Even though it's not for the XBox and isn't written using XNA?
8. ## Bizarre D3D9 hResult error: "The drive cannot find the sector requested."

Anyone ever get this error: "hr = 0x0000001b The drive cannot find the sector requested." when calling something as simple as the DrawPrimitive function? I'm getting this error in my engine's worldbuilder being written in C#. The engine is written in C++ and so I used SWIG to create the wrapper interface to bridge betwen native C++ and C#. I kept noticing the call stack errored in nvd3dum.dll (nVidia card for anyone that couldn't tell) -- was getting an unhandled exception to be more specific. But when I went poking around in the various threads, I noticed my engine's thread was sitting at a DrawPrimitive call, so I bp'ed on it and spammed the f5 key a bunch; low and behold I eventually found it to be yielding that error upon checking the result of call. My first instinct was to run scandisk which I did and it gave me a clean bill of health with no errors discovered. Not that I think it matters but I'm running Windows 8.1 just incase anyone was wondering. The weird thing is, all myviewports for the various view windows render at least once just fine but then all of a sudden the app just hits a brick wall on this draw call... Any thoughts on how to dig deeper on this? Thanks!   -- StakFallT
9. ## OpenGL Light Positions to D3D

@C0lumbo: Yup, that's exactly what it's doing. Just I saw the w in there, for lighting, and wasn't sure what to do with it.the setting w to 1 or 0 though was the info I was after :)  Btw, what about if it's a spotlight? I'm guessing I'd set w to 0 like I would a directional? Shadow Mapping is being favored over volumes? I thought the volume technique came out after mapping?   @Hodgman: Well there's some optimization stuff in that first paper and it does mention using some hardware here and there throughout and if it's available; I'm not really sure where the code in that first paper matches and/or differs with the Doom 3 source. My guess is, it's some sort of hybrid -- that is, use hardware if available, otherwise do it on the cpu.   Btw, thanks guys for the quick replies!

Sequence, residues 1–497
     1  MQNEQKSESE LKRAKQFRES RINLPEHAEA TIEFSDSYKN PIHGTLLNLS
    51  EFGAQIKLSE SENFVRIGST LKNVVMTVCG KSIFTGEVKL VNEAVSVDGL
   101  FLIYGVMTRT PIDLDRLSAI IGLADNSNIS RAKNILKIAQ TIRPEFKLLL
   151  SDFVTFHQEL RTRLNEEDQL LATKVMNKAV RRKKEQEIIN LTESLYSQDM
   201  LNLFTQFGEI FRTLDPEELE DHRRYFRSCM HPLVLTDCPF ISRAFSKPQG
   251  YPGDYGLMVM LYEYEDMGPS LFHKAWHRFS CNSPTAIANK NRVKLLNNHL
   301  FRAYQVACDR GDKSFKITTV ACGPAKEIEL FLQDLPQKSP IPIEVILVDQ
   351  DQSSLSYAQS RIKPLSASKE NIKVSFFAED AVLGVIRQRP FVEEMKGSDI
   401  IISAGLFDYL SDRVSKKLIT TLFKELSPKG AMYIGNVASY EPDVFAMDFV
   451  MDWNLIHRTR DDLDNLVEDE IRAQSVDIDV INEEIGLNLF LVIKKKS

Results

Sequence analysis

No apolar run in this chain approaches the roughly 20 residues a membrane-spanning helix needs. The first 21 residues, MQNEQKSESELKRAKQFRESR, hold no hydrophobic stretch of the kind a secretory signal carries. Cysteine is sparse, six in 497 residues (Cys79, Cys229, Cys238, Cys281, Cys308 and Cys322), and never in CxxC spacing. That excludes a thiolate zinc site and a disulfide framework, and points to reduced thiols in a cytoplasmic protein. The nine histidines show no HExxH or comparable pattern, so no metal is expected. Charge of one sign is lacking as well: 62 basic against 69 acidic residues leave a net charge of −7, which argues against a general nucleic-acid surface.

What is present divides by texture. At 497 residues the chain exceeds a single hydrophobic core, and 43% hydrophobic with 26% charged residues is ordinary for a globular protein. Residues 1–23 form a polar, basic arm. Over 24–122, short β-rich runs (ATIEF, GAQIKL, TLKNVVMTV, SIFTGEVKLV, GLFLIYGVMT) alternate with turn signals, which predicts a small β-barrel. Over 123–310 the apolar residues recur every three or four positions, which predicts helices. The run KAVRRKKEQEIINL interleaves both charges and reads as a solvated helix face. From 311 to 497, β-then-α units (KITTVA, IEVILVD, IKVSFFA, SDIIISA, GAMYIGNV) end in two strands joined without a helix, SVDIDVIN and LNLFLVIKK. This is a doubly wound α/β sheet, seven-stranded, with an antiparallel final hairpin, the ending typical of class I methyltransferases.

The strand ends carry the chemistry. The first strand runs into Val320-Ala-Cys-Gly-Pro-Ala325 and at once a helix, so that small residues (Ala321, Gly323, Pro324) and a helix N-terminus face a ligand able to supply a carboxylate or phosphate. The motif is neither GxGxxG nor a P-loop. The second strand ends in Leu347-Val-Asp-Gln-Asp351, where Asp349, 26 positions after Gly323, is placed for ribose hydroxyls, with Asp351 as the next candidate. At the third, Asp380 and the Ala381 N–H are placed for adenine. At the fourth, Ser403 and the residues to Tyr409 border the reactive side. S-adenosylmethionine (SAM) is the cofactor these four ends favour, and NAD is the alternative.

11. ## Creating volumetric mesh data from polygonal vertex set

Sorry to bother, but I've had to some time to work with the algorithm a bit, and I have a couple of last min. questions...   1) This would NOT be suitable for animated meshes -- at least without some kind of trick right? (There's just too much math for each test-point during voxel generation) -- as the naive (sp?) approach would be to regenerate the voxels every frame. I can't really picture a need to do this, but was just something that dawned on me. I guess, not to use a morbid example -- and I definitely apologize for doing so, but like if you took a rag-doll skeleton and wanted to like shoot an arm off off or something, but that's really the only example of an animated mesh I could think of where voxels could be used. Most destructable things are solid non-living objects (buildings, tanks, etc.) and even though some non-living things "animate" (like tanks), generally speaking, they either move, rotate, or scale as a collective whole of triangles. I suppose, also, anything non-living that might move on it's own... something flexible that might animate on their own (maybe by wind or something) would also be a candidate for on-the-fly voxels -- only thing that comes to mind would be a flagpole or a tree swaying in the wind.   2) What about scaling of meshes? When I scale my models, it's merely visual-only (since scaling all vertices and re-updating the vertex buffers on-demand would kinda be out of the question). I say this because, if the mesh gets bigger, the vertex data doesn't reflect this, only the model matrix does which is eventually passed to D3D; what this means is the voxels are calculated off the original vertices and as such if the mesh gets bigger, there won't be enough voxels to fill the inside of the model since the voxels being generated are calculated off the original smaller triangles... Would I create a second set of vertex/face data that scale when voxels are generated to counter that problem or is there a method that entails less overhead? I've heard of a method that some people make sophisticated usage of billboards to achieve voxels in general, but I'm not sure how that would really work -- but for any kind of deformation would definitely require some spaghetti code I'm thinking (As you'd then have to convert the billboards into cubes otherwise at certain camera angles the voxels, being billboards, would "disappear").